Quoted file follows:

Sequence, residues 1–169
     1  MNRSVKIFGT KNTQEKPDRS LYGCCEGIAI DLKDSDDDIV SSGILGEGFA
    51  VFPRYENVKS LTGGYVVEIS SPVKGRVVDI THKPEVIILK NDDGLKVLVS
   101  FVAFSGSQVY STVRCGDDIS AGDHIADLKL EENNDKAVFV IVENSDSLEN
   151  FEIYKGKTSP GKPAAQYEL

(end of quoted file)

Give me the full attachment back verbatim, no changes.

Sequence, residues 1–169
     1  MNRSVKIFGT KNTQEKPDRS LYGCCEGIAI DLKDSDDDIV SSGILGEGFA
    51  VFPRYENVKS LTGGYVVEIS SPVKGRVVDI THKPEVIILK NDDGLKVLVS
   101  FVAFSGSQVY STVRCGDDIS AGDHIADLKL EENNDKAVFV IVENSDSLEN
   151  FEIYKGKTSP GKPAAQYEL